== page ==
Hoping Europeans will not be tempted by “treacherous promises of Facebook’s siren call” of Libra..

One of the hardest hitting speeches on Libra by Yves Mersch of the European Central Bank.

He starts quoting Madison:

In 1787, during the debates on adopting the US Constitution, James Madison stated that “[t]he circulation of confidence is better than the circulation of money”. It’s telling that Madison chose to use public trust in money as the yardstick for trust in public institutions – money and trust are as inextricably intertwined as money and the state. Money is an “indispensable social convention” that can only work if the public trusts in its stability and acceptability and, no less importantly, if the public has confidence in the resolve of its issuing authorities to stand behind it, in bad times as well as in good.

Madison’s 18th century remark on the link between money and trust has lost none of its relevance in the 21st century. The issue of trust in money has resurfaced in the public debate on privately issued, stateless currencies, such as bitcoin, and their promise to serve as reliable substitutes for public money. Today’s conference is neither the place nor the time for me to repeat my past statements on the shortcomings of cryptocurrencies[1] and why they do not fulfil the basic tests of what constitutes “money”.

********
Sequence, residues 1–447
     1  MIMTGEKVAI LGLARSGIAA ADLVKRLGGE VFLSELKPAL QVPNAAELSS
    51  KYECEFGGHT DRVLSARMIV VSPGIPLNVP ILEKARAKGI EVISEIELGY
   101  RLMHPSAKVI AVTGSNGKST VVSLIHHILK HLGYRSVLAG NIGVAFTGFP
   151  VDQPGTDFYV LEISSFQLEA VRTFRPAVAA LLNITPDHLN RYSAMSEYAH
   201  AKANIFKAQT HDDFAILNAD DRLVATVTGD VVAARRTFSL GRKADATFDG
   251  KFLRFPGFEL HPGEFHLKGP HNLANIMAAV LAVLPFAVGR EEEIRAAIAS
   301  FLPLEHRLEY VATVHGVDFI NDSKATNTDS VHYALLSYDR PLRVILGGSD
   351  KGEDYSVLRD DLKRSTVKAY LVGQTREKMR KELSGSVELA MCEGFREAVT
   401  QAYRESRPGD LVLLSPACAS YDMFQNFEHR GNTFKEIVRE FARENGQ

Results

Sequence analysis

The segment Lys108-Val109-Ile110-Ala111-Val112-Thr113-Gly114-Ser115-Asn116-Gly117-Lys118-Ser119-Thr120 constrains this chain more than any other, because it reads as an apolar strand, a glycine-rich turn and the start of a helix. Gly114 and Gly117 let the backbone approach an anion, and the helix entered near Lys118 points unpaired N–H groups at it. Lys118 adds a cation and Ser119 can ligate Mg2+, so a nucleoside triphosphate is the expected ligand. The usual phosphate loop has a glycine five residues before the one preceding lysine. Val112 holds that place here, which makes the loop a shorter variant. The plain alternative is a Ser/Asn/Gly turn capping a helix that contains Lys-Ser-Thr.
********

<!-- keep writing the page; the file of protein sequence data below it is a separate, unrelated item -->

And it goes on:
Instead, I will today talk about Libra, Facebook’s newly announced private currency. It is scheduled for release in the first half of 2020 by the very same people who had to explain themselves in front of legislators in the United States and the European Union on the threats to our democracies resulting from their handling of personal data on their social media platform.